AS I NOTE the Saudi, Israeli and American governments coming together on the same platform to confront Iran and the Lebanese Hezbollah, I wonder how my father would’ve reacted to the event.
Mohammad bin Salman, the crown prince of Saudi Arabia, has been prodding Israel to go to war with the pro-Iranian Hezbollah organization, apparently to divert the Saudi public’s attention away from the regime’s badly botched interventions in Yemen and Syria. Ofer Zalzberg, a researcher at the International Crisis Group in Jerusalem, reports that Israeli Prime Minister Benjamin Netanyahu has so far been wary of taking on the powerful Hezbollah. Netanyahu, though, has hyped his propaganda blitz against Iran and Hezbollah, apparently to throw a smoke screen around the serious corruption charges he and his wife face in Israeli courts. And Iran-phobia, among other things, has driven Donald Trump, America’s Christian president, to join the anti-Iranian alliance of the Muslim crown prince and Jewish prime minister.
I don’t recall a time since the early seventh century when governments from all three Abrahamic faiths forged an alliance against a common adversary. My late father was an Islamic scholar in the Indian state of Assam and what is now Bangladesh. He used to say that in the Arabian town of Medina, in the early 620s, the Islamic community, or umma, consisted of all three Abrahamic faiths groups: Muslims, Christians and Jews. Eventually, that community split into three. “Baba,” as I called my father, was steeped in the orthodox Islamic version of Muslim history. He blamed the split on Jewish and Christian “betrayal” of Muslims, which included a Jewish attempt to kill the Prophet Muhammad.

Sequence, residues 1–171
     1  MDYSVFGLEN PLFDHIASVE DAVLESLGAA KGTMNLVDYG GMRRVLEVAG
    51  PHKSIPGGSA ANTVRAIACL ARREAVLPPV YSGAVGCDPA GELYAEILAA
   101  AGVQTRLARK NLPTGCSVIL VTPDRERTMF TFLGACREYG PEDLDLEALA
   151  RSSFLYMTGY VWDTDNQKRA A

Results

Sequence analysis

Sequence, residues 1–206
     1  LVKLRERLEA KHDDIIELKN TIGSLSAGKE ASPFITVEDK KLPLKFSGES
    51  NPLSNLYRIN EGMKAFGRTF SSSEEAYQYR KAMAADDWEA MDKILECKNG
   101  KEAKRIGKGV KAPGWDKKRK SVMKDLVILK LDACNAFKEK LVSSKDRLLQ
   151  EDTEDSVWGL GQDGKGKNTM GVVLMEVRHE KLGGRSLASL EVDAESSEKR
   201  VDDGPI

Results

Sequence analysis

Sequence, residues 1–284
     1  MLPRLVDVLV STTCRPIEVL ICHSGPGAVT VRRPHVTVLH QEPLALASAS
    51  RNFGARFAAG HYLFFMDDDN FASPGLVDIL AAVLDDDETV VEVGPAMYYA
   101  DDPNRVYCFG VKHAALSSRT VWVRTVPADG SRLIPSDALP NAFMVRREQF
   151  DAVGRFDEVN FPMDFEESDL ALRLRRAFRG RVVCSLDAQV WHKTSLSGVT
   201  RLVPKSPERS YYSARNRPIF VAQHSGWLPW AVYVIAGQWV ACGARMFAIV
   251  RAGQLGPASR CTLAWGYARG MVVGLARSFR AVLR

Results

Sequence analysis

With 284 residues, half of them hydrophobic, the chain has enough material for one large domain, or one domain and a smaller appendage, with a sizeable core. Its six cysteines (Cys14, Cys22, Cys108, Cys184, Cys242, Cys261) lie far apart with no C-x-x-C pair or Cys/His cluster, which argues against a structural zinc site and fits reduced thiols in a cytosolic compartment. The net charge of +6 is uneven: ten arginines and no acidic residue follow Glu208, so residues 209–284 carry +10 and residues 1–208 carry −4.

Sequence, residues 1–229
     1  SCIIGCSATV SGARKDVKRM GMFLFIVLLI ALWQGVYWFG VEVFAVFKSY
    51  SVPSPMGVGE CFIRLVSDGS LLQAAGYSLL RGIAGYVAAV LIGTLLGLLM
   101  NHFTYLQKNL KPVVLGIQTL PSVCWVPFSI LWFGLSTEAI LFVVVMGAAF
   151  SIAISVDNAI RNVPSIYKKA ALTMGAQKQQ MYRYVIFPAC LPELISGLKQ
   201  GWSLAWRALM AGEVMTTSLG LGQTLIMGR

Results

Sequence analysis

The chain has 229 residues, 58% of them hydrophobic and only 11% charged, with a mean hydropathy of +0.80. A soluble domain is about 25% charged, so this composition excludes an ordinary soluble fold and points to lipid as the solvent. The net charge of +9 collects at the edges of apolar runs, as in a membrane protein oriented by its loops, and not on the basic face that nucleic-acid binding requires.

The Americans and Israelis have been joined at the hip for decades, while the Muslim world – including Saudi Arabia – viewed Israel as its archenemy because of its occupation of Palestine and ethnic cleansing and persecution of Palestinians. The House of Saud was especially vociferous about its support for Palestinians because most Palestinians are Muslims and it claimed its legitimacy to its service to Islam, which was born in what is now Saudi Arabia.
The Saudi and other Arab autocracies used to be on pretty good terms with Iran during the decades it was also was under an autocracy. The Arab autocracies became wary of Iran after its Islamic revolutionaries overthrew the repressive pro-American monarchy of Shah Muhammad Riza Pahlavi, and replaced it with a populist Islamic government. The Arab monarchs and dictators feared that Islamic populism might spill over to their societies, threatening their despotic rule.
The fear of populist and democratic “subversion” also prompted Arab monarchies to oppose the Arab Spring of 2011-2012 and rally behind the military putsch in Egypt that overthrew that country’s democratically elected government of President Mohammed Mursi. Mursi belonged to the Muslim Brotherhood, the leading Islamic movement in the world. Many Muslims had long questioned the House of Saud’s claim to Islamic legitimacy. Now its hostility toward the Muslim Brotherhood eroded that claim further.
Apologists of the Saudi monarchy have had a hard time defending its Islamic credentials. They included Walid Arab Hashim, an economics professor at King Abdul Aziz University in the Saudi Arabian city of Jeddah. During a research trip to the kingdom in 1991, Hashim told me about many activities of the monarchy to promote Islamic causes and institutions around the world.